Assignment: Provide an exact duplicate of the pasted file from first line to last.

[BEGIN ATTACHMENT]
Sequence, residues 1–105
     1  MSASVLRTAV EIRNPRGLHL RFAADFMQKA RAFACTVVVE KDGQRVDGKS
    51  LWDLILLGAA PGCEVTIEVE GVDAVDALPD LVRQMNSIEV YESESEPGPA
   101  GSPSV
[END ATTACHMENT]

Sequence, residues 1–105
     1  MSASVLRTAV EIRNPRGLHL RFAADFMQKA RAFACTVVVE KDGQRVDGKS
    51  LWDLILLGAA PGCEVTIEVE GVDAVDALPD LVRQMNSIEV YESESEPGPA
   101  GSPSV